SEC’s New Restrictions on Insider Stock Transactions and Buybacks

The issue of stock trades by corporate executives, including buybacks, which can be timed around information only known to insiders, has been an issue for investors, and we are pleased to see the SEC move to tighten restrictions. The SEC’s proposed rule would require corporate directors or officers to wait 120 days before trading after either adopting or modifying a 10b5-1 plan. Executives would also have to certify that they are not aware of any important information not available to the public about the company or stock when creating or modifying a plan.

Response from CII:

Today, the Council of Institutional Investors (CII) applauds the Securities and Exchange Commission (SEC) for unanimously proposing rules to close loopholes and enhance transparency of executive trading plans in company stock. CII has pressed for reform of these so-called “10b5-1 trading plans” for a decade and its advocacy is referenced multiple times in the rule proposal.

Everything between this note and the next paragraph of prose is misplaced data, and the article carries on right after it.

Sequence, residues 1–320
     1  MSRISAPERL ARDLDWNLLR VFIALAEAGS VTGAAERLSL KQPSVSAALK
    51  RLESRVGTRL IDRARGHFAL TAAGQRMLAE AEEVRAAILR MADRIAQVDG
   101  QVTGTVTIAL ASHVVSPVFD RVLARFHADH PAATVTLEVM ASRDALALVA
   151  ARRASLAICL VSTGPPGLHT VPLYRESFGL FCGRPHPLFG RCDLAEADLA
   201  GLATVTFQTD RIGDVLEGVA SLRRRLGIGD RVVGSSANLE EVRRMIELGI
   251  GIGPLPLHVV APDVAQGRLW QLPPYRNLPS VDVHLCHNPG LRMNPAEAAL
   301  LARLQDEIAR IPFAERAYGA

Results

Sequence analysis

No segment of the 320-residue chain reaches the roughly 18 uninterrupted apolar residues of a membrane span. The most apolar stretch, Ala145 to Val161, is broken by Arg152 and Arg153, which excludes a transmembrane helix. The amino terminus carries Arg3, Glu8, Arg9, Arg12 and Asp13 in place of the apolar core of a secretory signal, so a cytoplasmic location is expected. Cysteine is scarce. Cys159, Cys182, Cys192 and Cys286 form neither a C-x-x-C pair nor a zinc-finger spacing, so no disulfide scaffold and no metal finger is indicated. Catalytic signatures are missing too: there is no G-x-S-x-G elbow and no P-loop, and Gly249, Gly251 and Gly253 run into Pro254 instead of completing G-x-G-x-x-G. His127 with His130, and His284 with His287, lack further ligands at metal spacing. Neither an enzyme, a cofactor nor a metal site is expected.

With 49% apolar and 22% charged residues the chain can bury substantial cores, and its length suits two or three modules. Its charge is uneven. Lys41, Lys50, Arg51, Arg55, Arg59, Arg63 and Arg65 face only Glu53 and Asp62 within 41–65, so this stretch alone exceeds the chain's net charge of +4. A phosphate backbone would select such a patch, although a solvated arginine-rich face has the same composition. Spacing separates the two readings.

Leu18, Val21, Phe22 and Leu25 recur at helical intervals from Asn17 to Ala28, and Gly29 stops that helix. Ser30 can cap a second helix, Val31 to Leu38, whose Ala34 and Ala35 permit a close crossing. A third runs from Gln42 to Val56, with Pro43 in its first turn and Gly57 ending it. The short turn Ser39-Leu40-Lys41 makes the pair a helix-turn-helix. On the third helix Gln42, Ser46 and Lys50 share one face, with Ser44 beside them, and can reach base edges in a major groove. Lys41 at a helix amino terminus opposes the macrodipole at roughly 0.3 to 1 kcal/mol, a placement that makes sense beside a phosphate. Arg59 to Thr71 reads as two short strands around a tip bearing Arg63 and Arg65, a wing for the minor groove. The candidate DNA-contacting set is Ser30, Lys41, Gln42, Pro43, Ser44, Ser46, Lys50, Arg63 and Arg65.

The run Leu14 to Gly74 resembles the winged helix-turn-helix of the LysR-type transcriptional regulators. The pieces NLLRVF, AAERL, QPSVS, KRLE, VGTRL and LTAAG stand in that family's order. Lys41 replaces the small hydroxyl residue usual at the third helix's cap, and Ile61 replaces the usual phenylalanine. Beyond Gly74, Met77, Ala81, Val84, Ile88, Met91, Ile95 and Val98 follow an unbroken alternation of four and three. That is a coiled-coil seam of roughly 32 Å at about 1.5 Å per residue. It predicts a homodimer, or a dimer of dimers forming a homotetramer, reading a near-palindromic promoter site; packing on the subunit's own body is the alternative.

Under SEC Rule 10b5-1, executives, directors and other top company insiders are able to establish a written plan that details when they will be able to buy or sell shares at a predetermined time on a scheduled basis. But press reports and empirical research suggest that some corporate insiders have traded on inside information not available to the public using a 10b5-1 plan as cover. That’s why in December 2012, CII submitted a rulemaking petition to the SEC recommending improvements to Rule 10b5-1.

“At a time when many Americans believe the stock market is rigged, cleaning up practices that can be a pathway for abusive trades will help restore trust in our markets,” said CII Executive Director Amy Borrus. “We applaud the SEC for proposing rules to close loopholes and improve transparency around 10b5-1 trading plans and will review the proposal carefully and submit a comment letter.”

For background on 10b5-1 plans and CII’s views and recommendations on them, see the June 10, 2021, testimony by CII General Counsel Jeff Mahoney before the SEC’s Investor Advisory Committee.

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